It should be noted that a foreign person will be considered a U.S. Resident for Tax Purposes if he/she meets the Substantial Presence Test for the calendar year. The test must be applied each calendar year that the individual is in the U.S. To meet the test, a foreign person must:
1. Be physically present in the U.S. for at least 31 days during the current year, and
2. Be physically present 183 days during the 3 year period that included the current year and the 2 years immediately before that, counting:
a. All the days the individual was present in the current year, and
b. 1/3 of the days the individual was present in the 1st year before the current year, and
c. 1/6 of the days the individual was present in the 2nd year before the current year.
Once the foreign real property owner is considered to be US resident, her worldwide income is subject to US income tax.
While most Americans still are wary about real estate and are preoccupied with concerns over the overall economic climate, foreign investors are keeping US real estate brokers busy with their eagerness to buy up New York condo and co-opts. The number of foreign buyers has doubled in the last two years. In just the last 18 months, foreigners have bought one-third of all new condos that were for sale in New York City. Foreign buyers are helping shield Manhattan from the housing slowdown that has continued to plague the rest of the nation and are providing a ready market for thousands of newly built condominiums. Foreigners seem to prefer condos for the amenities and flexible rules that allow renting the unit as investments. That many units are in neighborhoods that are not traditionally residential does not seem to bother the foreign shopper. They deem it beneficial that such neighborhoods are well-known.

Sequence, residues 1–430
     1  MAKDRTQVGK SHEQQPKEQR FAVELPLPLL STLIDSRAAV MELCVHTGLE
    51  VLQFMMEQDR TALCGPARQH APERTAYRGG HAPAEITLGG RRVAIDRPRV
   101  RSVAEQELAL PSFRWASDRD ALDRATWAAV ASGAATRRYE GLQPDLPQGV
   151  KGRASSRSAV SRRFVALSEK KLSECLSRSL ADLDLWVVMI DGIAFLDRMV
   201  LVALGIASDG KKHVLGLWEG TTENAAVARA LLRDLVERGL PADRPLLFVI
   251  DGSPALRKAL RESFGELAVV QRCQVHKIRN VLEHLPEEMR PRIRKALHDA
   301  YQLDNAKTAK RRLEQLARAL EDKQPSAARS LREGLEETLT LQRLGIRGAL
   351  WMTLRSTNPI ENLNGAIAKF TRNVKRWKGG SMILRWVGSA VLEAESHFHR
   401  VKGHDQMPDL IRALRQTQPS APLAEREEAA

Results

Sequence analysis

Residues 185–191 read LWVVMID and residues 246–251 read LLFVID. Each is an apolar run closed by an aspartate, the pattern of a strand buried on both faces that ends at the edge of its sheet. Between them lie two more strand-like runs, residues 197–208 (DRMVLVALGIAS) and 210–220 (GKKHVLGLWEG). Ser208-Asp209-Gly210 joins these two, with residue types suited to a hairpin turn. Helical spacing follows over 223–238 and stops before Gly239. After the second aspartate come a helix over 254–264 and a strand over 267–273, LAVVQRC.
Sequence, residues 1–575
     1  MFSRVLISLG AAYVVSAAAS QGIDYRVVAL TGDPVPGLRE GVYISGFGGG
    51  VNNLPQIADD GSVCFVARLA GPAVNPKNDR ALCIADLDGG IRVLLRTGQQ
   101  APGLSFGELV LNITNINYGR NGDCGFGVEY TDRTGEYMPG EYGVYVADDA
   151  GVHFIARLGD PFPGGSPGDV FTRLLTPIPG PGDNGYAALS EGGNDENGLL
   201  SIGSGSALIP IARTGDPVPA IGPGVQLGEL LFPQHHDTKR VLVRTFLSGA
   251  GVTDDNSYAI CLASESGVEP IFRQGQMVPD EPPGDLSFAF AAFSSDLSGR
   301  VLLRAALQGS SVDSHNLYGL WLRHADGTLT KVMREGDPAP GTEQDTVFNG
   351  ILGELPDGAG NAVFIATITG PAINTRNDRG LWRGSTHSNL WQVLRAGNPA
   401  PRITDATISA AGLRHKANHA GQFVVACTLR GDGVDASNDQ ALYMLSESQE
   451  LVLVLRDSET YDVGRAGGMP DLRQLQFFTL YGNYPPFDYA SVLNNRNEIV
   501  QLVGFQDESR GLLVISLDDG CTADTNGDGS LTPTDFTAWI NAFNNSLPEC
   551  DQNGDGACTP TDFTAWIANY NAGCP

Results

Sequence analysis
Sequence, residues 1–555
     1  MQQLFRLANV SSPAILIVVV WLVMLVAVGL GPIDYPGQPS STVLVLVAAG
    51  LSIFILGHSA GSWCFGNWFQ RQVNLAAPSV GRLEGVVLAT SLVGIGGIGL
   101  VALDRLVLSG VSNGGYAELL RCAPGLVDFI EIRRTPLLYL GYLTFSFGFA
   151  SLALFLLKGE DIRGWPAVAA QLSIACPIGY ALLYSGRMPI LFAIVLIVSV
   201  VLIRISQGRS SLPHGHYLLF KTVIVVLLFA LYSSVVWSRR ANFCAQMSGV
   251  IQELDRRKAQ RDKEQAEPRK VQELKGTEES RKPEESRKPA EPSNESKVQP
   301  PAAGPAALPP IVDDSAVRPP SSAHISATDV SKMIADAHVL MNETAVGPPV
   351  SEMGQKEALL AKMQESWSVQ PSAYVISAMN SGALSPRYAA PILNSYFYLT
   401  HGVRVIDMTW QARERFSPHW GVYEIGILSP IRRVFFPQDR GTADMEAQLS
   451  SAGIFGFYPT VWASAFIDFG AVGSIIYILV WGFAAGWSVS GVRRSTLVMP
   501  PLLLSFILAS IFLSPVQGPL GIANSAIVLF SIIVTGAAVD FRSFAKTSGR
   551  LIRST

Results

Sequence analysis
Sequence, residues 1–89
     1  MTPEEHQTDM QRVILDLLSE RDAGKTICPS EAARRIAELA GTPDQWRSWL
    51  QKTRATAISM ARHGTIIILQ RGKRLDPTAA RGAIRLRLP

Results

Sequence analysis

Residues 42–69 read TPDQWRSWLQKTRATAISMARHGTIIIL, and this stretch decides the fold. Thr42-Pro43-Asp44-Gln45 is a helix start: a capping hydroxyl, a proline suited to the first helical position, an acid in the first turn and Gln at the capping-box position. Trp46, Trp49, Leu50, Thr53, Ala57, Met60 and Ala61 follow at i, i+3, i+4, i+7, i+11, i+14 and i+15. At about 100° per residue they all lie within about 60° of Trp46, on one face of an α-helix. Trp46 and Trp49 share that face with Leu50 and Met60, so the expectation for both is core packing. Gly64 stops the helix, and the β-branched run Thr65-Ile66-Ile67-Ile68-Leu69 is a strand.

Foreign buyers often purchase quickly because they largely view buying an apartment as similar to acquiring a bond or a stock. Buying a condo in Manhattan, however, should not be crammed into a shopping day in the Big Apple. Two factors important to international clients when purchasing property in the U.S. are proximity to their home country and the convenience of air transportation. International buyers were reported in 39 states in 2010, but a slight majority of the total buyers are concentrated in Florida, California, Arizona and Texas. These four states account for 53% of purchases and have remained the top destinations for the past three years, with Florida and California remaining the top two destinations. The median price paid by international buyers in 2010 for a home in the U.S. was $219,400, a decrease from 2009’s median price of $247,100. However, the median price paid by foreign buyers was significantly higher than the overall US median market price, which was $172,500 in 2009. On average, foreign buyers tend to purchase closer to the upper end of the market; 16% of the total international purchases were for homes priced at more than $500,000. Wherever the foreign investor tends to buy, she/he should remember that a US experienced real estate attorney is deemed essential in order to secure the right kind of property while minimizing future risk and to make sure that the deal is ultimately consummated on terms favorable to the foreign investor.